An exploratory drilling campaign planned by British energy company Cuadrilla Resources has sparked concerns about the impact of hydraulic fracturing, known also as fracking. The company said it has no plans for fracking in the area, though environmental groups have turned out in droves in the in the village of Balcombe, near the southeast coast, to protest the company.
Craig Bennett, a campaign director from Friends of Earth, responded to a statement from British Energy Minister Michael Fallon, who reportedly said Wednesday it's up to local communities to decide if they want to host fracking operations.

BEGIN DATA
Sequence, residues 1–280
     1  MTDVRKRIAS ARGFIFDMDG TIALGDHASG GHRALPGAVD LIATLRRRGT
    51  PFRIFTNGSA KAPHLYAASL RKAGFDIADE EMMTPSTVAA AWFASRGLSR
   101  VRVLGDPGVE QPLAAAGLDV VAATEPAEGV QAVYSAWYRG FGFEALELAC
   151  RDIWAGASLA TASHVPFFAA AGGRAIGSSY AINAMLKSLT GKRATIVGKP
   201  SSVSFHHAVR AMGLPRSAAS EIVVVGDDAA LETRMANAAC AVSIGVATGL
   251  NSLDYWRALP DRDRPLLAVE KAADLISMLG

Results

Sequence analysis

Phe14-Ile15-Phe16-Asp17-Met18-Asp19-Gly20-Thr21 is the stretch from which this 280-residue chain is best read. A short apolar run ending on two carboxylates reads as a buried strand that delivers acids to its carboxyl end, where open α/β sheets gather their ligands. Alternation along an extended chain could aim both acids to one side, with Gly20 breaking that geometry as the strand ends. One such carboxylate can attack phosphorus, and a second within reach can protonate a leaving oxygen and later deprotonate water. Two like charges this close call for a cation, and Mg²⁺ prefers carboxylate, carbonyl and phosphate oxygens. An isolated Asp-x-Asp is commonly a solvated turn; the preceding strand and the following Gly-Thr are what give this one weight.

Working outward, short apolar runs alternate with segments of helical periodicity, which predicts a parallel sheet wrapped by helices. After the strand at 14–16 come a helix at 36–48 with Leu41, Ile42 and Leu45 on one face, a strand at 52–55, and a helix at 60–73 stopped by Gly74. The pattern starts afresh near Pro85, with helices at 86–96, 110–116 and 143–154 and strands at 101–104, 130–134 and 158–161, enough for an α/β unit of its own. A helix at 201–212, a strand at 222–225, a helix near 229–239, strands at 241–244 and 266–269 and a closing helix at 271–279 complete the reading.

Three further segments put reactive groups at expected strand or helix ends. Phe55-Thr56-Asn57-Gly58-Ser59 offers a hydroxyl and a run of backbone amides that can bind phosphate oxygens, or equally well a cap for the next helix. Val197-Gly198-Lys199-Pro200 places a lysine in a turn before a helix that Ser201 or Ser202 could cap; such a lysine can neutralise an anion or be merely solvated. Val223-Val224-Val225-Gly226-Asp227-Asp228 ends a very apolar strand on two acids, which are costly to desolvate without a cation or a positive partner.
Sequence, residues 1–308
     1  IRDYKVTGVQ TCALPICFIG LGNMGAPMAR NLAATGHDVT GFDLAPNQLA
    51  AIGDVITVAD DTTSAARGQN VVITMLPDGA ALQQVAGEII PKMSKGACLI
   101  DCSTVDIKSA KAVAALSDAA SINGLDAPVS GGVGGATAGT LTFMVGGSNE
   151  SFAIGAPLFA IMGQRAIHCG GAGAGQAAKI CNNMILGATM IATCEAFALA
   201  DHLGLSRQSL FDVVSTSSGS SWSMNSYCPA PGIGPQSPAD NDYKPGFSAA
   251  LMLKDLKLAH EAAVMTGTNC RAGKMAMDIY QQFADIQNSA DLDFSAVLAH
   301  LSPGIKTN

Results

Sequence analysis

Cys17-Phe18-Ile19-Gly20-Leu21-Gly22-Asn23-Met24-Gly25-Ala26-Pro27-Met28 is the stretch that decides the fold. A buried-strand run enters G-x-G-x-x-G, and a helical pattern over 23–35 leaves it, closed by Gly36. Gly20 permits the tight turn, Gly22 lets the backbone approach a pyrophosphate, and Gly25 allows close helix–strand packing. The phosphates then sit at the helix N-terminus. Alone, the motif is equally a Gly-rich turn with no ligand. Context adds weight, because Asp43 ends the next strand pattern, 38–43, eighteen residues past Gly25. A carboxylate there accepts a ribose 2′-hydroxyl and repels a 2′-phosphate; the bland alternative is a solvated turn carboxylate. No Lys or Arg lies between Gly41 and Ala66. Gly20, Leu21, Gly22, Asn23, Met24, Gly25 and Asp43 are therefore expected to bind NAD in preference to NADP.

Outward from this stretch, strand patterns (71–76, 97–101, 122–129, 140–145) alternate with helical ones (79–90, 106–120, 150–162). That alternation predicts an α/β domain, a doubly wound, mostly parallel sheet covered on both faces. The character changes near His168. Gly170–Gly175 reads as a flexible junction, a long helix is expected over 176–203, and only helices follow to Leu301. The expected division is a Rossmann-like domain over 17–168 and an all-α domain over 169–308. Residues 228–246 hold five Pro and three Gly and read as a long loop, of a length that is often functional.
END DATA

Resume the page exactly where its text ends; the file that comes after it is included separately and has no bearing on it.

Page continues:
"If communities can decide whether to allow shale gas and oil exploration on their doorstep, why is drilling taking place at Balcombe despite overwhelming local opposition?" the director said in a statement.
Ewa Jasiewicz, spokeswoman for advocacy group No Dash for Gas, told the BBC her organization was committed to stopping Cuadrilla.
"We believe that Balcombe is a test case for rolling out fracking across the country," she said.
Cuadrilla would need a new permit if it decides to use hydraulic fracturing in Balcombe.
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